- Devadatta R. Bhandarkar: Aśoka (= The Carmichael lectures. 1923). 4th edition. Calcutta University Press, Calcutta 1969.
- Harry Falk: Asokan Sites and Artefacts. A source-book with Bibliography (= monographs on Indian archeology, art and philology. 18). Philipp von Zabern, Mainz 2006, ISBN 3-8053-3712-4 .
- Hermann Kulke , Dietmar Rothermund : History of India. From the Indus culture to today. Special edition. CH Beck, Munich 2006, ISBN 3-406-54997-7 .
- James M. MacPhail: Asoka. The Associative Press et al. a., Calcutta et al. a. 1918 ( digitized version ).
- John S. Strong: The Legend of King Aśoka. A Study and Translation of the Aśokāvadāna. Princeton University Press, Princeton NJ u. a. 1983, ISBN 0-691-06575-6 .
- Radhakumud Mookerji: Asoka. Macmillan and Co., London 1928 ( digitized version ).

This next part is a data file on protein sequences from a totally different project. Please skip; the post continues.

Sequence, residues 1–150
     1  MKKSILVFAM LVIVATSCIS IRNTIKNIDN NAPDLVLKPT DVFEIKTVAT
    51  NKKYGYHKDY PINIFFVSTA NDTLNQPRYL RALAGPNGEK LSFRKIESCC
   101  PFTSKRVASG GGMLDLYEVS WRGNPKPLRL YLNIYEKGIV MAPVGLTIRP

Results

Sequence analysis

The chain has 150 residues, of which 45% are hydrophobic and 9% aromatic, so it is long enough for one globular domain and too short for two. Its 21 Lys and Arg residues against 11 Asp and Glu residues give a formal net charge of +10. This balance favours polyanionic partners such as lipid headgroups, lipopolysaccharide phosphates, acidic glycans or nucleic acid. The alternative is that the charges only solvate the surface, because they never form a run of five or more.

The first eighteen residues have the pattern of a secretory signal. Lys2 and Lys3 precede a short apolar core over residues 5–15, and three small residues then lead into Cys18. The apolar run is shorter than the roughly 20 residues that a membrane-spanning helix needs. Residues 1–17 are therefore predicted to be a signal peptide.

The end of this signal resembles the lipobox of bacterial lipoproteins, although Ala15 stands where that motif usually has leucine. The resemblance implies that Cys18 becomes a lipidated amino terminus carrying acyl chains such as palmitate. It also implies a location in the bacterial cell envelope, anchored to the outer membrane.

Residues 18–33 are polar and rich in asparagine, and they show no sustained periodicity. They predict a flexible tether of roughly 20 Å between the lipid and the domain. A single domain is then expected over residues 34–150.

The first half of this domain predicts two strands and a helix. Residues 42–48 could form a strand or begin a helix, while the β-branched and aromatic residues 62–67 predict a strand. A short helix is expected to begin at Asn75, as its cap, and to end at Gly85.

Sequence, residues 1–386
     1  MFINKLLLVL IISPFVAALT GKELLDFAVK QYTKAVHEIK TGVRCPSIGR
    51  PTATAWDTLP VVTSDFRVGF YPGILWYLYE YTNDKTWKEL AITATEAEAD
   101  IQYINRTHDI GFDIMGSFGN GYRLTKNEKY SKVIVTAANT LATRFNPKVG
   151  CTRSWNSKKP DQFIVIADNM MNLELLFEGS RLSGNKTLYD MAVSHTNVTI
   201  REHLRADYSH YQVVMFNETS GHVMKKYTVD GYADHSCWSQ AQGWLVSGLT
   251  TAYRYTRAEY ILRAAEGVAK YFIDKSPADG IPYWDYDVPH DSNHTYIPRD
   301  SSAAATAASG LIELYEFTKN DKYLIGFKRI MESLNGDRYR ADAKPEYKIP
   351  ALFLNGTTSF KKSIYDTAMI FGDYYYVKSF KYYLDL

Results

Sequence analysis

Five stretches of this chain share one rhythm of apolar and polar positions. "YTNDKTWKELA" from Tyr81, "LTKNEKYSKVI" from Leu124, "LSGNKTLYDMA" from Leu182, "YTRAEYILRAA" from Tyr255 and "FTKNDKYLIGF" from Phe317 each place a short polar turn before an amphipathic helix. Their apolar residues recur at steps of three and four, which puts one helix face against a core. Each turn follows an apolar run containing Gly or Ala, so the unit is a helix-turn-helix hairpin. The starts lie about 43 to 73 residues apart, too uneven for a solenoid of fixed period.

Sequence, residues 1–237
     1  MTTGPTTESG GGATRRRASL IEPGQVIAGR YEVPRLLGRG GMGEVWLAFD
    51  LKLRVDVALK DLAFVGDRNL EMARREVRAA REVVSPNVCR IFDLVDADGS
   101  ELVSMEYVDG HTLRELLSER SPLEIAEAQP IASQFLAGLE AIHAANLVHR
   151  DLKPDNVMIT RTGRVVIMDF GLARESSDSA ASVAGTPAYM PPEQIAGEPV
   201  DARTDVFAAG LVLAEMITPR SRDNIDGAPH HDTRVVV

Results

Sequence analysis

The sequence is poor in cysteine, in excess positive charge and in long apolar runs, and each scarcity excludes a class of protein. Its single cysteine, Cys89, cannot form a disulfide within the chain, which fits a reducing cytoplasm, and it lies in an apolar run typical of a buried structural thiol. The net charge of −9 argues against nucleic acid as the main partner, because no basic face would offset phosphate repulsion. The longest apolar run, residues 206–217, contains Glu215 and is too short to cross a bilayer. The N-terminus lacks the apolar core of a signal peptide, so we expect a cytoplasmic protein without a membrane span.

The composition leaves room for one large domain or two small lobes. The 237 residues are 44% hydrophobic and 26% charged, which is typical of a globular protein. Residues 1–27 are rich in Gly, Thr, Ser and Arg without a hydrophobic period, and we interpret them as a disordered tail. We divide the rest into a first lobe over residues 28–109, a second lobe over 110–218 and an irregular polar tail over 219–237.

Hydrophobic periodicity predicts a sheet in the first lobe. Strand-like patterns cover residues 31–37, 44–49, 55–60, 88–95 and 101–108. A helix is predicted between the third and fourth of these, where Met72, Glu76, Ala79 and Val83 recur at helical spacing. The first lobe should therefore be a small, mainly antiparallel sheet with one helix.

- Anuradha Seneviratna (Ed.): King Aśoka and Buddhism. Historical and Literary Studies. Buddhist Publication Society, Kandy - Sri Lanka 1994, ISBN 955-24-0065-1 ( digitized version ( memento of September 23, 2012 in the Internet Archive )).
- Romila Thapar : The Penguin history of early India. From the origins to AD 1300 . Penguin Books, London a. a. 2003, ISBN 0-14-028826-0 .
- Romila Thapar: Aśoka and the decline of the Mauryas. With new afterword, bibliography and index. 2nd Edition. Oxford University Press, Delhi a. a. 1997, ISBN 0-19-564445-X .
- Wilfried Stevens: King Ashoka - patron of Buddhism ( memento from August 9, 2016 in the Internet Archive ). In: onlinezeitung24.de, October 1, 2015
- Video Terra X : Ashoka - The Indian Warrior Buddha (ZDF documentary) in the ZDFmediathek , October 15, 2016 (video no longer available)
- Literature by and about Aśoka in the catalog of the German National Library
- The edicts of king Ashoka - The edicts of rock and pillars of Ashoka